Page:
With respect to the agreement itself, though, what we would say is, again, if we can verifiably discern that Iran is not building a nuclear weapon, that it's program is for peaceful purposes, that's a good thing. That's far better than an outcome where Iran is back to trying to accumulate more stockpile, enriching at a higher percent and getting more breakout capacity. So we've already frozen their nuclear -- the progress of their nuclear program. We've rolled back the stockpile just during these negotiations.
If we can get a comprehensive agreement, we would say that would be in the interest of American national security and also the security of our friends and allies.
MR. EARNEST: We're nearing the one-hour mark here, so we'll just do two more. Ching-Yi and then Jim Avila, I'll let you wrap up. Go ahead.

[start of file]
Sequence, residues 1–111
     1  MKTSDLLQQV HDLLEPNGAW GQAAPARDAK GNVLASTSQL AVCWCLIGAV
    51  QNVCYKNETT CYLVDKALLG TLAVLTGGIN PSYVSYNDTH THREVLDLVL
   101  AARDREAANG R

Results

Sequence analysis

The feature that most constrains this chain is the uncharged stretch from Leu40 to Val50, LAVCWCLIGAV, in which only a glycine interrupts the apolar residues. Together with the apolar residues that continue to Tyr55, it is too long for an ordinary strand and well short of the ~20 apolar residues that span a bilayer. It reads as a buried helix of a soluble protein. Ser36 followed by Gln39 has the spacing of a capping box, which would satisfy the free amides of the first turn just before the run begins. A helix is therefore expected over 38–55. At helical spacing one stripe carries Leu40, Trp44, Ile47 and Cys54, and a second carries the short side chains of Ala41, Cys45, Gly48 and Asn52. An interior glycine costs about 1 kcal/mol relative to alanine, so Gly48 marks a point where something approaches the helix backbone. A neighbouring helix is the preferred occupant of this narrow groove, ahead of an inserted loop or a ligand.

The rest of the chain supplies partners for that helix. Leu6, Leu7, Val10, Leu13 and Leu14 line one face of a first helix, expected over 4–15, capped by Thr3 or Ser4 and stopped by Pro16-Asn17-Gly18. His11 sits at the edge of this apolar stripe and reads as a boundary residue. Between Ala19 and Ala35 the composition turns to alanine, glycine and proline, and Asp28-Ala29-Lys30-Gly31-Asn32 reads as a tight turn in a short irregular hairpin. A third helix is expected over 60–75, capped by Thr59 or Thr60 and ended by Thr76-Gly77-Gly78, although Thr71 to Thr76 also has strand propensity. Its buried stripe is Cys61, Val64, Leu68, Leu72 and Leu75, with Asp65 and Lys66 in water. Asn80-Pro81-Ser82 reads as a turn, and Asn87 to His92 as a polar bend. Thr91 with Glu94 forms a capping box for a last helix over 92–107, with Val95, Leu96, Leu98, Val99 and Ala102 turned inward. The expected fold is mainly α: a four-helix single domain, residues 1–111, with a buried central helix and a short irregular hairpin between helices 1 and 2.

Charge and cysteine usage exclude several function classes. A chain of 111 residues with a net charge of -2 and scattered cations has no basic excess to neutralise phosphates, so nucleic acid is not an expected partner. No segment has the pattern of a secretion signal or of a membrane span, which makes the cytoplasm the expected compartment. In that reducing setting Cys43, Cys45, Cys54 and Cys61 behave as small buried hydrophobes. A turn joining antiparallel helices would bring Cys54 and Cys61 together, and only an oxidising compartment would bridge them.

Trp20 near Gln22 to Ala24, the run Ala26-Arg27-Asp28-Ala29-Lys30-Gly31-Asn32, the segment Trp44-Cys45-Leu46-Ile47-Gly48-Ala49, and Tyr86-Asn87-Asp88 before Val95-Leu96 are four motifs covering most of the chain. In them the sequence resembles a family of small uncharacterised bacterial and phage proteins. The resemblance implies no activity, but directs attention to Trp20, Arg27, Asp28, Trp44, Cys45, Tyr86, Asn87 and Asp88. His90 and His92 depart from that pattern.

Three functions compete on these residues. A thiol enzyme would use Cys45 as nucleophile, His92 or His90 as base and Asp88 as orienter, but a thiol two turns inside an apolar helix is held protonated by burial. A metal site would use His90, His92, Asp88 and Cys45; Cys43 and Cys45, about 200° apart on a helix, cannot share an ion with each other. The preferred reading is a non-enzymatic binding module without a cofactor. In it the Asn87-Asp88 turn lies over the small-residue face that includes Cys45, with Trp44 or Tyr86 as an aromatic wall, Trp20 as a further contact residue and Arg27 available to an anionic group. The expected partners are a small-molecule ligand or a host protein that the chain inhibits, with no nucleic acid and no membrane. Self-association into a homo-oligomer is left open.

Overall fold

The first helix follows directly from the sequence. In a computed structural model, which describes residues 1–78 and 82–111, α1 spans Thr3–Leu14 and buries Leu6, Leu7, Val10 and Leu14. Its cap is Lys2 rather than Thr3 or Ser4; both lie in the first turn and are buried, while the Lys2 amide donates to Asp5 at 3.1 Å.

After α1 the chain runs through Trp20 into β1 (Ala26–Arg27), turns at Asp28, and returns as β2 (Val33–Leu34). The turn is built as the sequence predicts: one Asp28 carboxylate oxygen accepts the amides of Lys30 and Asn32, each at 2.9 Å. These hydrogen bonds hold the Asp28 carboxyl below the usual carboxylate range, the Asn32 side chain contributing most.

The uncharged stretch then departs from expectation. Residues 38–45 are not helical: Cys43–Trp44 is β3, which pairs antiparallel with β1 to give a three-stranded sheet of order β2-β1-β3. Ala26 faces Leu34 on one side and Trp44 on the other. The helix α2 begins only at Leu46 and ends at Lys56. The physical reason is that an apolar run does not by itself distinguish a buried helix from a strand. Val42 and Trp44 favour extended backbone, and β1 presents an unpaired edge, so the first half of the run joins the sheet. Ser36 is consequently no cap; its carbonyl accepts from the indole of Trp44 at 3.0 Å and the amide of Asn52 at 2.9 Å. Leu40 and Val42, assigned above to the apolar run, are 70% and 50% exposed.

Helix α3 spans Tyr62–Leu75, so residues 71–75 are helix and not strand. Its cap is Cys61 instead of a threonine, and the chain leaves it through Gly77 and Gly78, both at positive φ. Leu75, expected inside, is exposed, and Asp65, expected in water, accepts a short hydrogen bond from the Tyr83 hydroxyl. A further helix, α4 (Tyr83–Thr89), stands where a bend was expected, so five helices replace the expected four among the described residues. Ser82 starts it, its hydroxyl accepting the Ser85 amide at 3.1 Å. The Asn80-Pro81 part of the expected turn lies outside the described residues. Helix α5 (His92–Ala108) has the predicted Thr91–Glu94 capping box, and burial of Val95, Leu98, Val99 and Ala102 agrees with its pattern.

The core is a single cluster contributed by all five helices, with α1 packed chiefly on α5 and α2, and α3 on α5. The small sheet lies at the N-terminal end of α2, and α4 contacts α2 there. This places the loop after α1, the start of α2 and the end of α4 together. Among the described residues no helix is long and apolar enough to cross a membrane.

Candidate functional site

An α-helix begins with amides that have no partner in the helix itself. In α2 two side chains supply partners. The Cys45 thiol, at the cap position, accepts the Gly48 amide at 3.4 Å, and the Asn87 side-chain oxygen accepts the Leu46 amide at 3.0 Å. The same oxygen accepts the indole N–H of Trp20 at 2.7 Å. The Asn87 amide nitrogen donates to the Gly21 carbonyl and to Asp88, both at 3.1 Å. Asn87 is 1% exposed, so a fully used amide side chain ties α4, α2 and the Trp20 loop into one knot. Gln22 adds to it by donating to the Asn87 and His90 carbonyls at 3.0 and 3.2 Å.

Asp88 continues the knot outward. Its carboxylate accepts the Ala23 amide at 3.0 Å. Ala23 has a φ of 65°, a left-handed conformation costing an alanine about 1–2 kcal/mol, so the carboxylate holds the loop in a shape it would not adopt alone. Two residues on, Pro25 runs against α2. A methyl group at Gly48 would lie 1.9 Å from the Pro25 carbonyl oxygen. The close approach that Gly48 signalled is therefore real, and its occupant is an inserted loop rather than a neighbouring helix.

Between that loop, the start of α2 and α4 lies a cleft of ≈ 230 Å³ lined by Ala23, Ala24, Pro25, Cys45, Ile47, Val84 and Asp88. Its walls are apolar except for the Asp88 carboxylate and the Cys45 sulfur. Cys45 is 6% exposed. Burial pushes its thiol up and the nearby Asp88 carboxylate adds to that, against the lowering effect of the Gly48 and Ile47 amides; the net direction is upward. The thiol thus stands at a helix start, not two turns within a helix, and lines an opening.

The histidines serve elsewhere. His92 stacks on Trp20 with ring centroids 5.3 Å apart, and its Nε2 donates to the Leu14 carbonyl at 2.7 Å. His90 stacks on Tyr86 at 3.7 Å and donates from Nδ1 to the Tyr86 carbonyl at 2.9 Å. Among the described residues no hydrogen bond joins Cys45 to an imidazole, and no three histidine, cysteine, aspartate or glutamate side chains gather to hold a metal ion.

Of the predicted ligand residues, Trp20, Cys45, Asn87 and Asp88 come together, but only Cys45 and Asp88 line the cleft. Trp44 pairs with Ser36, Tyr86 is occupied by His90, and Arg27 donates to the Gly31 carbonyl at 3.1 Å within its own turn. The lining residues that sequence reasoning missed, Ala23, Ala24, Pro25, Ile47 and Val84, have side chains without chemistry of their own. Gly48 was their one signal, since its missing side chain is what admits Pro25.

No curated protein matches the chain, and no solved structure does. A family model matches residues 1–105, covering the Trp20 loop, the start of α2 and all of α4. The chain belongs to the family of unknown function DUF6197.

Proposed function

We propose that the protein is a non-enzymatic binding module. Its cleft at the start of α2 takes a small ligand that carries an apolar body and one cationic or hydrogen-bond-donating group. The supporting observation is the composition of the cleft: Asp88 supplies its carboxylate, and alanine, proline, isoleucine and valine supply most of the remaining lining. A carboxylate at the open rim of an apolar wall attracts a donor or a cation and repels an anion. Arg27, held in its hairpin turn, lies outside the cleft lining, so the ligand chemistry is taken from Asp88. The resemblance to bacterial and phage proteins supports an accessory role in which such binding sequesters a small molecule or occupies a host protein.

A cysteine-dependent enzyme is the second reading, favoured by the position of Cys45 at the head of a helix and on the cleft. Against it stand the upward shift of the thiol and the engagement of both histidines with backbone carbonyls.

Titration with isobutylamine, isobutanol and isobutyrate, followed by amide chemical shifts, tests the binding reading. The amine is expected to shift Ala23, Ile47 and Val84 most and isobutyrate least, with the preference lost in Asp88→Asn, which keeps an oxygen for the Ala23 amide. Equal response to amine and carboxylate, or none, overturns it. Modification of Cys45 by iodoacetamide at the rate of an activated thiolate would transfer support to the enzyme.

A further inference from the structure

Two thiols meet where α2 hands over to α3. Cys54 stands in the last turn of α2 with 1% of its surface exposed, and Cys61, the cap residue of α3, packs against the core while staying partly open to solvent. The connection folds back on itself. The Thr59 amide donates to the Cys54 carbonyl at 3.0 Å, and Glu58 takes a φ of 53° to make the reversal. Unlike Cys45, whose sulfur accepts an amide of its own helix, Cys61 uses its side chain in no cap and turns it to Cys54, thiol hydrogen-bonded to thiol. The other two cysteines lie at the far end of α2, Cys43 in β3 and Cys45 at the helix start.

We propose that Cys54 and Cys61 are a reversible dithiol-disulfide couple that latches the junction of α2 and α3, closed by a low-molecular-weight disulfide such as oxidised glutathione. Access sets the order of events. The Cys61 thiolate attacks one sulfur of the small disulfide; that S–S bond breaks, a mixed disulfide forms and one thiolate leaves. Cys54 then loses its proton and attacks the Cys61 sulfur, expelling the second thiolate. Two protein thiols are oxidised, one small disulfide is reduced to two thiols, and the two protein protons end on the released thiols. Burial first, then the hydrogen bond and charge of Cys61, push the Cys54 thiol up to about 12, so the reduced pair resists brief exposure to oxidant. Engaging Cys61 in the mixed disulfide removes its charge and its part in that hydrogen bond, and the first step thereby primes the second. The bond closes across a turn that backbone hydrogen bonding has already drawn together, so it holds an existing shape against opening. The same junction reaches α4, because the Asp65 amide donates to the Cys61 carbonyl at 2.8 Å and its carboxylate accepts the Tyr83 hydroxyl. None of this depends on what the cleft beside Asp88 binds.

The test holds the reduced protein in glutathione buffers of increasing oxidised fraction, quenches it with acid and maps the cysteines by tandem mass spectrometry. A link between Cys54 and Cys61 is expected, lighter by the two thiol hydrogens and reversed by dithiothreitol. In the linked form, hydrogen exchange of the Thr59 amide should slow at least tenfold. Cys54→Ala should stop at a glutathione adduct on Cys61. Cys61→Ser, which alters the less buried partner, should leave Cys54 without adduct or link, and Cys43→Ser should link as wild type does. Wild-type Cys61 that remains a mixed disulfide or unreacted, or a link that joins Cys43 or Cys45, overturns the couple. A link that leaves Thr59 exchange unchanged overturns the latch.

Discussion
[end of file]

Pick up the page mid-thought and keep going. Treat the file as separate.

Q Thank you, thank you, Josh. First question is to Ambassador Froman. According to interview with Xinhua, President Obama say our summit will also be an opportunity to make progress toward ambitious bilateral investment treaty. So what kind of progress? What kind of breakthrough that we can expect about the VIT?
And also the second question is to Ben. Other than ITA and the visa, what else deliverables that the U.S. is looking forward to reaching this time. Thank you.
MR. EARNEST: Repeat the question so everybody can hear. Ambassador Froman, an update on progress related to the VIT negotiations. And, Ben, what other deliverables do you anticipate out of the meetings between President Obama and President Xi.
AMBASSADOR FROMAN: Well, as you may recall it was about a year and a half ago that China agreed to negotiate a bilateral investment treaty on the basis of what we call a negative list, which is to open up their economy but for specific carve-outs that they negotiate with us. And that was a major step forward, as were some of the other provisions that we agreed to then.